Instead of defending Secretary Napolitano and the report issued by her Department, or taking the opportunity provided by the report to educate the public on this internal threat, Obama threw Napolitano under the bus and the DHS pulled the report from its website. The unit responsible for monitoring white supremacist organizations and movements was dismantled, and the threat of white supremacist violence becoming the victim of Washington politics.

This is the mindset and the politics of this Administration and the political culture in the U.S., where the differential value placed on black life allows black life to be reduced to an instrumental calculation when considering issues of international public relations and domestic politics.

The result?

For all intents and purposes, the tragedy in Charleston is over, closed out on a song written by a captain on a slave ship in 1779 and sung over 200 years later by a black man still in the service of white supremacy.

Ajamu Baraka is interviewed in Episode 3 of CounterPunch Radio, available for free here.

Ajamu Baraka is a human rights activist, organizer and geo-political analyst. Baraka is an Associate Fellow at the Institute for Policy Studies (IPS) in Washington, D.C. and editor and contributing columnist for the Black Agenda Report. He is a contributor to “Killing Trayvons: An Anthology of American Violence” (Counterpunch Books, 2014). He can be reached at www.AjamuBaraka.com

 

 

 

More articles by:

Ajamu Baraka is the national organizer of the Black Alliance for Peace and was the 2016 candidate for vice president on the Green Party ticket. He is an editor and contributing columnist for the Black Agenda Report and contributing columnist for Counterpunch magazine. 

CounterPunch Magazine


bernie-the-sandernistas-cover-344x550

zen economics

Weekend Edition
August 18, 2017
Friday - Sunday
Jamarl L. Thomas
Free Speech is Free Speech, Precisely for the Speech You Don’t Like
Kary Love
The Fourth Branch
Graham Peebles
Climate Change Demands an End to Excess and Greed
Olivia Alperstein
Racists Look Emboldened. They’re Actually Terrified.
José-Antonio Orosco
What Did Dr. King Mean by Love?
Rob Okun
The Poison of White Supremacist Masculinity
Cesar Chelala
What Trump Can Learn From Ants
Ryan Summers
Breitbart, the Alt-Right and Charlottesville
Louis Proyect
Digital Dystopias
Charles R. Larson
Review: Lawrence P. Jackson’s “Chester B. Himes”
August 17, 2017
Ajamu Baraka
The Story of Charlottesville Was Written in Blood in the Ukraine
Tim Messer Messer-Kruse
Right But Wrong: Trump’s Defense of Confederate Symbols and Its Threat to Color-Blind Liberalism
George Barbarie
Barbarian Left
Ramzy Baroud
Al-Araqeeb Village: Palestinian Bedouins Refuse to Surrender 116 Times
Jerome L. Schulman, M.D.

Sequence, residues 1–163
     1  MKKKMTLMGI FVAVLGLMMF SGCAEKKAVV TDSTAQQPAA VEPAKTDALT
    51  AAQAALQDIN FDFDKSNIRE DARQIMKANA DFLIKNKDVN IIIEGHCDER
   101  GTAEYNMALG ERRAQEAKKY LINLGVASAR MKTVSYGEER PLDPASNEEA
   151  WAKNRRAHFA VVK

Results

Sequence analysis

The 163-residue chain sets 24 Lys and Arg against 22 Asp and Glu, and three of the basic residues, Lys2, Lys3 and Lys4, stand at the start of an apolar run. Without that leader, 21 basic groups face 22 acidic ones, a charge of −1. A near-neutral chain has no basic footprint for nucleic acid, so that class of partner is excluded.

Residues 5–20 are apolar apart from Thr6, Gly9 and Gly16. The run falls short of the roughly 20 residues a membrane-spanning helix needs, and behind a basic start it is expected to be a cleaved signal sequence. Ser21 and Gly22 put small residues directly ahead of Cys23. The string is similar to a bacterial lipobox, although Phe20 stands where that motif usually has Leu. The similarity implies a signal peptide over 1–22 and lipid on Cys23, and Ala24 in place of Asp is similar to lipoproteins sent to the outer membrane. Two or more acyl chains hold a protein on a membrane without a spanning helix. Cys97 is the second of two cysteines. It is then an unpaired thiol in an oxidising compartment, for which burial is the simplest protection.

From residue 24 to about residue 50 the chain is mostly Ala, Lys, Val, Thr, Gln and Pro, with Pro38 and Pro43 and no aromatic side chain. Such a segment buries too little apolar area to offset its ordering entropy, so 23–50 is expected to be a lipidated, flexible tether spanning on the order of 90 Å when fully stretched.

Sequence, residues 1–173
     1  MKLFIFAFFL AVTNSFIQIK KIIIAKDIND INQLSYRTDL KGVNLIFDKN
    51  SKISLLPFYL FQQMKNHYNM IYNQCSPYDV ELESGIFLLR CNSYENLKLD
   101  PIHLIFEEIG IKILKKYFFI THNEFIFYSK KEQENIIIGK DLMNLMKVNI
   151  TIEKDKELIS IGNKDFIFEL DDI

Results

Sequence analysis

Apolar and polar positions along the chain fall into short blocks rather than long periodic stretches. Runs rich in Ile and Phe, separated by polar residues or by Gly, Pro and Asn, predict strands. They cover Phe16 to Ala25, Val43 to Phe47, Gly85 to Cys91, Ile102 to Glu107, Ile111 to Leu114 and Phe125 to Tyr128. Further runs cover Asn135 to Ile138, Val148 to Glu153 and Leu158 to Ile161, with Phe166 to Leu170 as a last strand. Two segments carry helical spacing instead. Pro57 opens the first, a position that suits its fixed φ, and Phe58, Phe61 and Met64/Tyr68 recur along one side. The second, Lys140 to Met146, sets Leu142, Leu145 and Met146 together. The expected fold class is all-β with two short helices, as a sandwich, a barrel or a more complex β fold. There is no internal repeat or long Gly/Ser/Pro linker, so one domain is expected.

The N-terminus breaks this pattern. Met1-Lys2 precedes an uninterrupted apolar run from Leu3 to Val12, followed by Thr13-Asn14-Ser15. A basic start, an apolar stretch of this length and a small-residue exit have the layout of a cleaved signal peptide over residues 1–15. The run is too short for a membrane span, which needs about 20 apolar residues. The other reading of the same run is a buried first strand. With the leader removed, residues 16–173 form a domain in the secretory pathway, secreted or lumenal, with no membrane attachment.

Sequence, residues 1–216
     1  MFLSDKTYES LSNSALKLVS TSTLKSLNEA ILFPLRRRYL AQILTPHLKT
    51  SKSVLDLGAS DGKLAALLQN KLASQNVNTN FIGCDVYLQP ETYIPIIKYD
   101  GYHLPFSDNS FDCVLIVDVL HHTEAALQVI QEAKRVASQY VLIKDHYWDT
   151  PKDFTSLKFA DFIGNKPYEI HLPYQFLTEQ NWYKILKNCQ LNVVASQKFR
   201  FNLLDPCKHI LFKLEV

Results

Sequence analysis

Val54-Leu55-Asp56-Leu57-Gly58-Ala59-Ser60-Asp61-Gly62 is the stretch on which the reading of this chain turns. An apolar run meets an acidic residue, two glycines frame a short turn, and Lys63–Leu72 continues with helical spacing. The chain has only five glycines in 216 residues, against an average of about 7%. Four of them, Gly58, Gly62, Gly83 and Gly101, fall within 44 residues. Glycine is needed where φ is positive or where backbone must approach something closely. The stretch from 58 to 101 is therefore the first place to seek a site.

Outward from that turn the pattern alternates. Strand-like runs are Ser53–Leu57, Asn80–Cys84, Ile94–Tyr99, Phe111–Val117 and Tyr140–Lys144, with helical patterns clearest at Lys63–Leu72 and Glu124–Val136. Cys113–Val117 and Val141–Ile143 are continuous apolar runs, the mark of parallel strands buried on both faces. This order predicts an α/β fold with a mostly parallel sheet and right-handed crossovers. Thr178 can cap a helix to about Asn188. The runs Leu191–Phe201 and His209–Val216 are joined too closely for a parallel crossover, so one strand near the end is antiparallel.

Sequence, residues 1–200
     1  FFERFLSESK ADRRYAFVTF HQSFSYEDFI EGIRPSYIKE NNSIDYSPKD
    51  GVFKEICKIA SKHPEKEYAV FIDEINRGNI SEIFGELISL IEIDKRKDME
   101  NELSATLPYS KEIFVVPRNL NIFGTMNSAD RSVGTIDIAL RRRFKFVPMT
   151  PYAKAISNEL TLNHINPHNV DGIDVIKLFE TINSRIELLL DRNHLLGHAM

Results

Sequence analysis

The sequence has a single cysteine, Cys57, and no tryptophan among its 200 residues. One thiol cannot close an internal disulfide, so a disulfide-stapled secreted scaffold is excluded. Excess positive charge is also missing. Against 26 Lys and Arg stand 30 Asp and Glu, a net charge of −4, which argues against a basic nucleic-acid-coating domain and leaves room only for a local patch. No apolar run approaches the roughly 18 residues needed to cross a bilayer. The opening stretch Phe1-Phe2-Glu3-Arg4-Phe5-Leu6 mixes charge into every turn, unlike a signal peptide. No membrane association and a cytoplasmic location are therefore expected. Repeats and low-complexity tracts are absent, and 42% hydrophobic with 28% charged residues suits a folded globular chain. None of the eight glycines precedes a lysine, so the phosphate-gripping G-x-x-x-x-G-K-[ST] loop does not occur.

The State of Trump’s Brain
John W. Whitehead
Chaos in Charlottesville: No One Gave Peace a Chance, Including the Police
Michael J. Sainato
Monuments to Treason
Rob Seimetz
When Illusion Turns to Delusion 
Thomas Knapp
@YesYoureRacist Crowdsources Social Preferencing
Binoy Kampmark
Breaking the Seal: Child Abuse and the Confessional
Ann Garrison – KJ Noh
Locked and Loaded: War With North Korea Cannot be Contained But Must Be Prevented
David Macaray
Union Elections
Susan Block
The Fire and Fury of the Tiki Torches
August 16, 2017
John Eskow
Among the Racists
John Wight
Charlottesville: Outrage, Hypocrisy & Obama’s Betrayal
Michael Hudson
Putting an End to the Rent Economy
Ralph Nader
The 16 Year War in Afghanistan: Headlines Tell the Story
Mateo Pimentel
Our Fight Against Fascism 
Robert Fantina
Trump and Charlottesville
Ted Rall
If You Fire a Fascist, You’re a Fascist
Joe Ware
Does Game of Thrones Contain a Stark Warning About Climate Change?
Ezra Kronfeld
The Global Controversiality of Surrogacy
Jesse Jackson
After Charlottesville
Michael J. Sainato
The Racism at Charlottesville is a Symptom of a Nation Built on White Supremacy
Franklin Lamb
Israel’s 6th War on Lebanon: What Price Will Hezbollah Pay?
Ana Portnoy
The Tragedy of the Missing C: The (Colonial) Fiscal Control Board in Puerto Rico
August 15, 2017
Anthony DiMaggio
Fascism Here We Come: the Rise of the Reactionary Right and the Collapse of “The Left”
Paul Gottinger
Despite Media’s Claims, North Korea Can’t Strike Continental US
John Davis
Holocausts R Us
Rev. William Alberts
Religion: a Source of Solidarity or Division?
Ellen Isaacs
Racism and Capitalism: the Barriers to Decent Health Care
Bill Quigley
Social Justice Quiz 2017: Children – Ten Questions
David Swanson
Top 10 Misconceptions About Charlottesville
Michael J. Sainato
‘Bernie Bros’ and ‘Alt-Left’ Are Propaganda Terms Meant to Disempower
Jon Rawski
A Dangerous Nuclear Ignorance 
FacebookTwitterGoogle+RedditEmail